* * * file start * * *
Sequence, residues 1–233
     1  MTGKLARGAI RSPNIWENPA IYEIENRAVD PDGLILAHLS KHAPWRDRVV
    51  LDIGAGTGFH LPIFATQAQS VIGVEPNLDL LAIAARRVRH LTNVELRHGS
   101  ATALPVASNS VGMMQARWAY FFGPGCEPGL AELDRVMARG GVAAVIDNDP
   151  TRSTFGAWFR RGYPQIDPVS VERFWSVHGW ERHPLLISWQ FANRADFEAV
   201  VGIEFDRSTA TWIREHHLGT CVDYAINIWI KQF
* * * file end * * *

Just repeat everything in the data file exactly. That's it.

Sequence, residues 1–233
     1  MTGKLARGAI RSPNIWENPA IYEIENRAVD PDGLILAHLS KHAPWRDRVV
    51  LDIGAGTGFH LPIFATQAQS VIGVEPNLDL LAIAARRVRH LTNVELRHGS
   101  ATALPVASNS VGMMQARWAY FFGPGCEPGL AELDRVMARG GVAAVIDNDP
   151  TRSTFGAWFR RGYPQIDPVS VERFWSVHGW ERHPLLISWQ FANRADFEAV
   201  VGIEFDRSTA TWIREHHLGT CVDYAINIWI KQF